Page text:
May 23rd, 2022


Think twice before giving up grains

Marsha McCulloch, M.S., R.D.

By Marsha McCulloch, M.S., R.D.

Published August 8, 2014

Think twice before giving up grains

Though going grain-free is a popular diet trend, grains--especially in their whole form--provide a significant portion of important nutrients in the diet.

You've likely noticed the proliferation of books, websites and specialty foods aimed at helping people avoid gluten-containing grains--and all other grains, too. While a small group of scientists, medical professionals and bloggers are leading the charge for grain-free diets--declaring grains a mismatch based on human evolution--the majority of experts believe grain-free diets for the masses are a wrong move.

If you've considered ditching grains, it's important to understand the science and the potential pitfalls if you do so.


Clearly, those with an allergy to wheat or other grains must avoid them. And the one percent of the population with celiac disease and the six percent with non-celiac gluten sensitivity must avoid all gluten, a protein found in grains, including wheat, rye and barley. With a doctor's approval, most people with a gluten sensitivity can eat small amounts of uncontaminated oats; all other uncontaminated, gluten-free grains are typically allowed.


According to an August 2013 review in Current Allergy and Asthma Reports, multiple case reports suggest gluten can play a role in some autoimmune diseases beyond celiac disease, but large studies are lacking. Autoimmune diseases that occur most commonly in combination with celiac disease are autoimmune thyroid disease, autoimmune liver disease, type 1 diabetes, Sjogren's syndrome, and psoriasis.

If you have an autoimmune condition or health concern that has a scientifically documented relationship with gluten, talk with your doctor about celiac disease testing.


Gluten-free diets carry the concern of nutritional deficiencies, and completely grain-free diets only heighten that risk. Julie Miller Jones, PhD, CNS, LN, professor emerita of nutrition at St. Catherine University, St. Paul, Minn., summarizes data showing grains provide the following amounts of nutrients in the U.S. diet:

70 percent of folate 60 percent of thiamin 50 percent of iron 40 percent or more of niacin, riboflavin, and selenium 25 percent of magnesium and zinc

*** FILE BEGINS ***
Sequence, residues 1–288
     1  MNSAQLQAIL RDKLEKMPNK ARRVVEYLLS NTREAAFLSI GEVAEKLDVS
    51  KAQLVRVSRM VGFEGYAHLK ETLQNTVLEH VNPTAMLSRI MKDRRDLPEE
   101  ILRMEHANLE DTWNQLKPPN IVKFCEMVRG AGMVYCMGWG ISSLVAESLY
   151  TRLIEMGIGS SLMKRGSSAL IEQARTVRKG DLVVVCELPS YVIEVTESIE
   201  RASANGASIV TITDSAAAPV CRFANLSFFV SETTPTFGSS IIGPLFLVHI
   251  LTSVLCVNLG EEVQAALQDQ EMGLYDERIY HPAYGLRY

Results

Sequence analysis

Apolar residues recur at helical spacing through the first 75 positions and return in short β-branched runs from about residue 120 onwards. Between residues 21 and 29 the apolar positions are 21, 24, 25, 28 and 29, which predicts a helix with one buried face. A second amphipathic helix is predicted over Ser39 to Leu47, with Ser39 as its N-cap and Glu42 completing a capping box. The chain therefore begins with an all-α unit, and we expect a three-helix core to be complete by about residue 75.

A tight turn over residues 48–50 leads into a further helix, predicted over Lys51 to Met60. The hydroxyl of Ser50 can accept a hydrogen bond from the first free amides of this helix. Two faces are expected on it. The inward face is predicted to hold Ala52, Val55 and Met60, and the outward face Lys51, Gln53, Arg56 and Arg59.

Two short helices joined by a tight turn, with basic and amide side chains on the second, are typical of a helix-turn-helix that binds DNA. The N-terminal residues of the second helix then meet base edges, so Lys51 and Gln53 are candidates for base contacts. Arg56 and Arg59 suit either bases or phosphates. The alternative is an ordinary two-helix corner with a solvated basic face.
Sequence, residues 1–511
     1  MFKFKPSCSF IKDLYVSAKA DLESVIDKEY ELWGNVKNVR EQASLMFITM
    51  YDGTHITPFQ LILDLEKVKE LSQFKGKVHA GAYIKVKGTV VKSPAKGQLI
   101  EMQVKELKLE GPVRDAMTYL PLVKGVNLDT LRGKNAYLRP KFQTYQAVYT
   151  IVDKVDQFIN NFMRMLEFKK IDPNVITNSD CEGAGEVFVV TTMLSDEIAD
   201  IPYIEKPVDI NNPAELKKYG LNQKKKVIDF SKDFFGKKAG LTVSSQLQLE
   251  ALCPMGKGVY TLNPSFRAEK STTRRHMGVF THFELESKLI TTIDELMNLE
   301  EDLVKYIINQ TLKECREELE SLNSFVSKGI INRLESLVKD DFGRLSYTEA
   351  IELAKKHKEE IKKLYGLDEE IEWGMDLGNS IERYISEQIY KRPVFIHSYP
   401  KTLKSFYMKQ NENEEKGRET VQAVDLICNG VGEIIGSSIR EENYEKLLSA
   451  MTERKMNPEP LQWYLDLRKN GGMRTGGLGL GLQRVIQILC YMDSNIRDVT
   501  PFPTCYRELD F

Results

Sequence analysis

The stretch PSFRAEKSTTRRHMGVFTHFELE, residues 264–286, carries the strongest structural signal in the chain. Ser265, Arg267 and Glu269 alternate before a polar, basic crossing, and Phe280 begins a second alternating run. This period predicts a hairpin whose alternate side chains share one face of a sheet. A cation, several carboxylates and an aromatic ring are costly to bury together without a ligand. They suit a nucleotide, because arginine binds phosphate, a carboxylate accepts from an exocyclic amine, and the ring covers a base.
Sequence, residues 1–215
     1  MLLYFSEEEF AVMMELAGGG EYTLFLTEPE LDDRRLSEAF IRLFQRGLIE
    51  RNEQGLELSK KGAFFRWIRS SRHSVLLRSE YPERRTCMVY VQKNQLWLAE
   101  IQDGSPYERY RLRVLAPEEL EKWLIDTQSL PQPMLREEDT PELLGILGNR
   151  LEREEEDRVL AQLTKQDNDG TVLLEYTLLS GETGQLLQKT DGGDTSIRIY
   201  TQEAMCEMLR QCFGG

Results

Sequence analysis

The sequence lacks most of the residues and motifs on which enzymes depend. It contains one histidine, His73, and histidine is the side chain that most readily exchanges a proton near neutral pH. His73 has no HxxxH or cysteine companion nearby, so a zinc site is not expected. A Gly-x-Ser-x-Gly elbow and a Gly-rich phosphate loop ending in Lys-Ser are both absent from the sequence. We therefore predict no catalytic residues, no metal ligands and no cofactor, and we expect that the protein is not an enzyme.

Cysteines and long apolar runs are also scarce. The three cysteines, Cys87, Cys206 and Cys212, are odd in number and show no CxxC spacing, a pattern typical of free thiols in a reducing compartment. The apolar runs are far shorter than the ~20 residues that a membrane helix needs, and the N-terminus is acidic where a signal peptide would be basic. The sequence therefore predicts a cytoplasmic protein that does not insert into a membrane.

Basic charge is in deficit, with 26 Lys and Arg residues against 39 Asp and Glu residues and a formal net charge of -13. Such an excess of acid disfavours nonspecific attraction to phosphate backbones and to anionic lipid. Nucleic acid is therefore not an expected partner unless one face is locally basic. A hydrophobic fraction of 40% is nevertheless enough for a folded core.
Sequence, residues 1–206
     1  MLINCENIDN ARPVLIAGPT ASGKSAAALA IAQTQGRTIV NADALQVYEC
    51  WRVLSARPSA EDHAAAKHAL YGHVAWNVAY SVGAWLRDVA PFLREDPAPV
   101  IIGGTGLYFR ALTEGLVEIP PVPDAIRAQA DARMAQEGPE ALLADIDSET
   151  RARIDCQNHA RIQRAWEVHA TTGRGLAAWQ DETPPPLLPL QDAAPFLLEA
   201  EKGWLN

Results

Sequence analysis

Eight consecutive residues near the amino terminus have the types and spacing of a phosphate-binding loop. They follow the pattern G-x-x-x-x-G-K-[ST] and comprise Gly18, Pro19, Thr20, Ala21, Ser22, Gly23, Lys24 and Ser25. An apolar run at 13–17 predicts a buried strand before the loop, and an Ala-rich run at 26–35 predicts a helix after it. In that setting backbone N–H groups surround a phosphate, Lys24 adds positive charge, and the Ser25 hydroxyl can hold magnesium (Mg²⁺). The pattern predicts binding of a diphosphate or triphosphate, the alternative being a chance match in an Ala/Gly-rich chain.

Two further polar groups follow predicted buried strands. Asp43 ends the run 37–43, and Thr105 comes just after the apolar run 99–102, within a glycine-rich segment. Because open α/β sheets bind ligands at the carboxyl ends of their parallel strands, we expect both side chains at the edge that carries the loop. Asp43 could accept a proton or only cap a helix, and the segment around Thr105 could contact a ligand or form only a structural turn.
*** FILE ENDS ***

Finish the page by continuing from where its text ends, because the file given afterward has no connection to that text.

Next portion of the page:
Jones is especially concerned about the impact a grain-free diet could have on folic acid intake.

"Since the mid-1990s, when it became mandatory to add folic acid to enriched grain products, the incidence of neural tube birth defects, such as spina bifida, has dropped by more than 50 percent," she says.


Proponents of grain-free diets voice concern about anti-nutrients in grains. Grains, especially whole grains, contain a substance called phytate that impairs the body's absorption of some minerals. However, in populations with well-balanced diets, this may be of little consequence. There are ways to minimize phytate, too.

"Breads made with longer fermentation times, such as Julia Child's French bread (which requires at least 6 hours of rise time), and classic sourdough bread, have significantly lower phytate levels," Jones says. Lectins, another type of anti-nutrient in grains, also may be inactivated by lengthy fermentation, and some are destroyed by heat.


Fiber in grains is not the same as the fiber in other foods.

"Some people reason that if they eat more broccoli, for instance, then it won't matter if they don't eat grains. But, thinking you don't need grain fiber because you get a lot of vegetable fiber is like saying that if you get enough vitamin A you don't need any vitamin C. That's just plain wrong," Jones says. For example, beta glucan, the fiber best at lowering cholesterol, is present only in oats and barley. It's grain fiber, rather than fiber from any source, that is linked with a reduced risk of colon cancer.


A 2009 study published in the British Journal of Nutrition found that healthy adults on a gluten-free diet for a month had a significant decrease in protective gut bacteria, while potentially unhealthy bacteria increased in number. These findings are similar to an earlier study of children with celiac disease following a long-term gluten-free diet (Journal of Medical Microbiology, 2007).

In the typical American diet, wheat supplies at least 70 percent of inulin and oligofructose, which are prebiotic starches that fuel the growth of good bacteria.

When all is said and done, the more restricted your food options are, the more careful you'll need to be to ensure your body gets what it needs. So, look beyond diet books' bestseller headlines and sensationalistic stories to make sure any dietary change is appropriate for you.

Comment by clicking here.